These concepts have been incorporated into the Alabama Rules of Evidence, which became effective on January 1, 1996. Specifically, Rule 404(b), Ala. R. Evid., provides:

"Evidence of other crimes, wrongs, or acts is not admissible to prove the character of a person in order to show action in conformity therewith. It may, however, be admissible for other purposes, such as proof of motive, opportunity, intent, preparation, plan, knowledge, identity, or absence of mistake or accident, provided that upon request by the accused, the prosecution in a criminal case shall provide reasonable notice in advance of trial, or during trial if the court excuses pretrial notice on good cause shown, of the general nature of any such evidence it intends to introduce at trial." A.

In challenging the admission of evidence of collateral crimes, Moody first asserts that the trial court should not have allowed the State to introduce evidence concerning the pipe bombs mailed in December 1989 to Robert Robinson in Savannah, to the courthouse for the Eleventh Circuit Court of Appeals in Atlanta, and to the Jacksonville office of the NAACP. (Issue VII in Moody's brief.)

During its case-in-chief in the guilt phase of Moody's trial, the State presented evidence indicating that on December 18, 1989, two days after Judge Vance was killed by the pipe bomb mailed to his residence, civil rights attorney Robert Robinson was killed by a pipe bomb that had been mailed to his Savannah law office. The State also presented evidence indicating that on December 18, 1989, another pipe bomb was received at the courthouse for the Eleventh Circuit Court of Appeals in Atlanta. That device was discovered and disarmed before it could detonate. The following day, December 19, 1989, a pipe bomb was received at the Jacksonville office of the NAACP. Like the bomb that had been sent to the federal courthouse in Atlanta, that bomb was also discovered and disarmed before it could injure anyone. The State presented evidence, much of it through experts, demonstrating that there were numerous similarities in the construction, design, and packaging of those three pipe bombs, and showing that the three pipe bombs were also very similar to the pipe bomb that killed Judge Vance.

Moody argues on appeal that the evidence surrounding those other pipe bombs should not have been admitted because, he says, it was collateral-crimes evidence that was irrelevant to any material issue in the case and was also unduly prejudicial.

The record reflects that Moody, when he was still being represented by his court-appointed attorneys, filed pretrial motions in limine seeking to prevent introduction *582 of evidence regarding the other pipe bombs. Those pretrial motions were denied; however, Moody did not object when the evidence in question was offered at trial. The general rule is that an adverse ruling on a motion in limine does not preserve the issue for appellate review unless an objection is made at the time the evidence is introduced. Grimsley v. State, 678 So. 2d 1197, 1208 (Ala.Crim.App.1996). Accordingly, we review Moody's claims under the plain-error standard. Rule 45A, Ala. R.App. P.; see Burgess, supra, 811 So. 2d at 577-78.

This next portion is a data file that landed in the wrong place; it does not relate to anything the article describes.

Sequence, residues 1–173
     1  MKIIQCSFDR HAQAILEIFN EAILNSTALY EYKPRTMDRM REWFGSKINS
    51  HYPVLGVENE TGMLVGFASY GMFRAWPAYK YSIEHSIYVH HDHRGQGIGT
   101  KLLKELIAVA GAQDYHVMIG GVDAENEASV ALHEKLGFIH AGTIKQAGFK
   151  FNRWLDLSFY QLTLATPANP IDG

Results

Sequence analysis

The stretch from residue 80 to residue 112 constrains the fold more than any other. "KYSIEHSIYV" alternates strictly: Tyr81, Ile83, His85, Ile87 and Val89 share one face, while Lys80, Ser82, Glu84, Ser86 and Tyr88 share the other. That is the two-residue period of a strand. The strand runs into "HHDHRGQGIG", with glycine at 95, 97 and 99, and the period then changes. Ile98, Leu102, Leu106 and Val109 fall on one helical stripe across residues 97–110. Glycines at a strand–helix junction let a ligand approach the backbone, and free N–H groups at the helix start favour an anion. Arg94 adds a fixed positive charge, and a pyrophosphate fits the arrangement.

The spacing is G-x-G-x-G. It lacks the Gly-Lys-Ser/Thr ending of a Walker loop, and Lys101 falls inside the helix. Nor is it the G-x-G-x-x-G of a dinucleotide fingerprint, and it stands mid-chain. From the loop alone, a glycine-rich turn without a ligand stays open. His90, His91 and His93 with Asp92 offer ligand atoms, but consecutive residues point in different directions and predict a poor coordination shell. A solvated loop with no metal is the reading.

We find that the evidence regarding the three other pipe bombs mailed in December 1989 was admissible pursuant to the identity exception and the plan-design-or-scheme exception to the general exclusionary rule of character. See Rule 404(b), Ala. R. Evid. Regarding the identity exception, Professor Gamble states:

"All evidence tending to prove a person's guilt of the now-charged crime may be said to identify him as the guilty person. However, the identity exception to the general exclusionary rule of character is much more specific in that it contemplates the situation where the now-charged crime was committed in a novel and peculiar manner and the prosecution is allowed to show that the accused has committed other similar crimes or acts, in the same novel and peculiar manner, in order to show the accused to be the perpetrator of the now-charged crime. The method of carrying out the charged crime and the collateral acts must be novel or peculiar and, because of this requirement, some refer to this as the `signature crime' or `modus operandi' exception. Additionally, a greater degree of similarity must be found when applying the identity exception than is required for the admission of collateral acts to show intent or knowledge. "The assertion of identity, as a means of securing the admission of collateral acts evidence, becomes viable only when the identity of the person who committed the now-charged crime is material or of consequence in the case. Merely pleading not-guilty does not render identity material or of consequence. Even if identity is not material at the outset of the case, however, it may be made material by conduct of the defense such as cross-examining the identifying witness in such a way as to indicate mistake, by positions taken or in argument of counsel."

Charles W. Gamble, McElroy's Alabama Evidence § 69.01(8) (5th ed.1996)(footnotes omitted). Regarding the plan-design-or-scheme exception, Professor Gamble states:

"Evidence of the accused's commission of another crime or act is admissible if such evidence, considered with other evidence in the case, warrants a finding that both the now-charged crime and such other crime or act were committed in keeping with or pursuant to a single plan, design, pattern, scheme or system. This rule is applicable whether such plan, design, scheme or system is narrow and specific in scope or is measurably broad and general in scope."